Dr. Jamm bought a cooktop table from Benihana for $4,000 and thinks it is worth every penny. While Leslie and Chris may not place the same value on the table, Jamm’s subjective value is at least $4000.
Local restaurants are now offering giant sodas, filled with sugar. The child-sized soda is actually the size of a small child! Leslie proposes a soda tax to cut back on citizen’s consuming the sugary beverages, but a representative of the Pawnee Restaurant Association warns Leslie against doing so. Because this will limit the number of sodas being sold, restaurants may have to layoff up to 100 workers and Leslie will be the one to blame.
Leslie is accused of stripping people’s personal freedoms, but there are significant benefits to the community. According to Leslie, obesity is down, test scores are up, and raccoon attacks have decreased, but some citizens aren’t happy with the changes. When determining the appropriate level of government regulation, the costs and benefits of each action need to be considered, which is easier said than done.
Members of the Parks Department goes to London to visit, but Leslie can’t decide which bus tour to take. She has three options, all starting around the same time and needs to pick one. Ron and April aren’t much help. Because time is a scarce resource, Leslie needs to figure out which bus tour will maximize her happiness.
Tom incentives the department to come to his club and try his newest drink by threatening to place them on his “done-zo” list. The Parks Department decides to go to the Snake Hole Lounge to try Tom’s new drink, but instead they all have a bit too much and go through the next day feeling terrible. One of the other issues shown in this video is diminishing marginal utility. As the night goes on, each member of the group gets a bit happier, but they eventually peak and see negative returns the next morning.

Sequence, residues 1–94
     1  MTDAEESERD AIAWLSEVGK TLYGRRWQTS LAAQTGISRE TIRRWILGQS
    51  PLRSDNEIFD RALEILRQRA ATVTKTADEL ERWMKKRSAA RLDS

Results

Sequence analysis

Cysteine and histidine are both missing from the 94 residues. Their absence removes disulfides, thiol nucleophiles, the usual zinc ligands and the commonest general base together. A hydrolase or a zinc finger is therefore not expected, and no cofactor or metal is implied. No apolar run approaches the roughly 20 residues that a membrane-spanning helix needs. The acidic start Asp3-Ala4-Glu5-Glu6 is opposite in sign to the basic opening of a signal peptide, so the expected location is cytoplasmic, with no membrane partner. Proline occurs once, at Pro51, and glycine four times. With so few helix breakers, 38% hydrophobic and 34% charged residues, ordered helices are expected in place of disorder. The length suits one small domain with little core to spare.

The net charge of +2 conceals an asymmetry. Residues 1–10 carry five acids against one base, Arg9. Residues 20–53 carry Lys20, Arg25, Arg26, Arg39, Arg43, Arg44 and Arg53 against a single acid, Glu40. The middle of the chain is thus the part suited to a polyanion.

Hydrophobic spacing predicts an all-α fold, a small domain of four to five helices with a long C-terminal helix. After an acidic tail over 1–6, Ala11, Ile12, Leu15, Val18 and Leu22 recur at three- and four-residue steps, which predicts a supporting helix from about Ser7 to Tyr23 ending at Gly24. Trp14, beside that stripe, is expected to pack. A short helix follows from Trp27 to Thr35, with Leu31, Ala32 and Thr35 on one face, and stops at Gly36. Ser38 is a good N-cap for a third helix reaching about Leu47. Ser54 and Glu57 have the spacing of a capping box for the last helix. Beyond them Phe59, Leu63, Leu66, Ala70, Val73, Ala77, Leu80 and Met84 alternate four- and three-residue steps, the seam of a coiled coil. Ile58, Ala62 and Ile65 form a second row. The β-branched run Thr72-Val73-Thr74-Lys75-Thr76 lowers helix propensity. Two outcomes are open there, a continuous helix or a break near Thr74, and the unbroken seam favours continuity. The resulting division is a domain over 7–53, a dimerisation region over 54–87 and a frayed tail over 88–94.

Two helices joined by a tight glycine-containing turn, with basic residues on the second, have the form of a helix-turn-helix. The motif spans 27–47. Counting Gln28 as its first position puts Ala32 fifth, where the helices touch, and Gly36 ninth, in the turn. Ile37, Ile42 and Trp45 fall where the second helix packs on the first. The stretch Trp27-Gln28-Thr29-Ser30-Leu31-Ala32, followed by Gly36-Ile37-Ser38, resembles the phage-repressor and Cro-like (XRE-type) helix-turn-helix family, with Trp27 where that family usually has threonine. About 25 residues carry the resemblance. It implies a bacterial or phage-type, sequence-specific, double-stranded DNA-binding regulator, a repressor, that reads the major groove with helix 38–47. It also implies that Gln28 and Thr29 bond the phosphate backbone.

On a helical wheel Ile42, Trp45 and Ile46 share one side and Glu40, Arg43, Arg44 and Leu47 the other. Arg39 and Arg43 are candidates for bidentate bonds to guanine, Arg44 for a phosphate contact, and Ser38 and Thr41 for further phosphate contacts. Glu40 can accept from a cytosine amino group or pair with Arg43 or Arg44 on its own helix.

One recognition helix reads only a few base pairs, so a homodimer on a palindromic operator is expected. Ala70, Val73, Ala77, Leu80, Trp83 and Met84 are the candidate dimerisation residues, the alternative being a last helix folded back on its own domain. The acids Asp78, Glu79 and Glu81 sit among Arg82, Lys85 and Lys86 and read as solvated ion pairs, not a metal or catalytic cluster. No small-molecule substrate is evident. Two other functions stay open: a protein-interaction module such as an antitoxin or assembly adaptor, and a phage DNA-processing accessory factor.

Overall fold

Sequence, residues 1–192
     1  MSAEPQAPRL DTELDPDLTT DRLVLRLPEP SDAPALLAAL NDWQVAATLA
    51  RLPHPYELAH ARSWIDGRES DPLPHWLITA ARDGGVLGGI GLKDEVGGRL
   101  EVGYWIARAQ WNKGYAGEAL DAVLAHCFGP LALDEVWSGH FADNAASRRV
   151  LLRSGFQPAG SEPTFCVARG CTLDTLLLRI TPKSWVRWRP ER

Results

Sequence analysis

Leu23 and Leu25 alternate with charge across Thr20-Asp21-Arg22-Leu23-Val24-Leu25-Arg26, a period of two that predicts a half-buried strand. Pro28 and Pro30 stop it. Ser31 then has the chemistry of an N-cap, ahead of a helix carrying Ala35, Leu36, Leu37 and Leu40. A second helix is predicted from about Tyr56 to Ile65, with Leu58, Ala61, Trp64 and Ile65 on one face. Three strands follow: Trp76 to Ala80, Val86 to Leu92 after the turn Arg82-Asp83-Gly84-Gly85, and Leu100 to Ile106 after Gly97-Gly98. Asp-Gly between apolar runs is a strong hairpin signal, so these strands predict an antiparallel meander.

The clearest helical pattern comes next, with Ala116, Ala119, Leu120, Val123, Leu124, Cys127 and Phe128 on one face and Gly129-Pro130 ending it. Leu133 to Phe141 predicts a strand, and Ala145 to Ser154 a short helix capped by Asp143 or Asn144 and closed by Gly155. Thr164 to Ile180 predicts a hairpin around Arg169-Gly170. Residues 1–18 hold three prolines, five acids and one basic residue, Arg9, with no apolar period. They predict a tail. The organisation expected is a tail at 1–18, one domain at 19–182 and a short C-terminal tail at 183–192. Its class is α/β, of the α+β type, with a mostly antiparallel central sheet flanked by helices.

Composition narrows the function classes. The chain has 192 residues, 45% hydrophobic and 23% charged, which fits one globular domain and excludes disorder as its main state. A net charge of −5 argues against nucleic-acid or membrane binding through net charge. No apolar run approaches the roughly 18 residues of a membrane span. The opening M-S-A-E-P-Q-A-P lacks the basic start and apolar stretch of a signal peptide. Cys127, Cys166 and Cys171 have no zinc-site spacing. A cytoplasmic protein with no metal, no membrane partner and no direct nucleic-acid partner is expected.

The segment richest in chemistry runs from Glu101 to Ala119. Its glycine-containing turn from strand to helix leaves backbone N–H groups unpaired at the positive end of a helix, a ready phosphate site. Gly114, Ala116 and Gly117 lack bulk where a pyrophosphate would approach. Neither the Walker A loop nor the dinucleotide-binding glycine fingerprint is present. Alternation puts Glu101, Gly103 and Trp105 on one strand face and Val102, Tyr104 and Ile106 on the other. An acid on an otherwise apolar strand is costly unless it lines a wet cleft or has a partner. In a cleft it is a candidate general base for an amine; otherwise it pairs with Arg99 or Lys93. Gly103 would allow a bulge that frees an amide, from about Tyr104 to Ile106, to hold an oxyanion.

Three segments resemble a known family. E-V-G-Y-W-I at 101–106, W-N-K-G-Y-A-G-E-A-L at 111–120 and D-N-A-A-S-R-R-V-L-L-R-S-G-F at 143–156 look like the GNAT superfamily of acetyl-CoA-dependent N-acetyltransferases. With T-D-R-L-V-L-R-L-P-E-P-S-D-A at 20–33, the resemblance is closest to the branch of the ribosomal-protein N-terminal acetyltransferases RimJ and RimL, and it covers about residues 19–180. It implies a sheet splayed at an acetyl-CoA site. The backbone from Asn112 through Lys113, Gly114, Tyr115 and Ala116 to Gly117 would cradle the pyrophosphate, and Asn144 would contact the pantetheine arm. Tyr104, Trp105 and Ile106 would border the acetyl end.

See more: decreasing utility, diminishing returns, externalities, health economics, negative externalities, negative utility, private benefits, private costs, social benefits, social costs, unintended consequences, utility maximization
Neighboring city, Eagleton, has decided to build a fence around a small park they used to share with the citizens of Pawnee. Throughout the episode, we learn of various quality-of-life factors that Eagleton excels in relative to Pawnee. Things like obesity, height, income, wealth, and life expectancy are all much higher than in Pawnee, and the citizens of Eagleton want to keep it that way.
Tom wants to look good, and smell good, for Jessica Newport so he decides to sit for a few minutes in his “cologne cloud.” The smell is so overpowering though that Leslie needs to exit the car immediately. While Tom feels be benefits are worth the smell, Leslie isn’t a fan of the external effects.
The Pawnee Video Dome is failing and going out of business. Leslie is trying to find tax breaks to keep him afloat, but Ron says the market is signaling that the company is not providing enough value to consumers and deserves to fail. If companies provide a social good (like intellectual conversations) then governments may step in and subsidize the production of the service.
Leslie goes on Pawnee Today to talk about the City Council’s approval ratings. Joan Callamezzo is not at her best and describes the situation as a fact when it’s really her opinion. This is a good opening segue to discussing normative vs positive statements.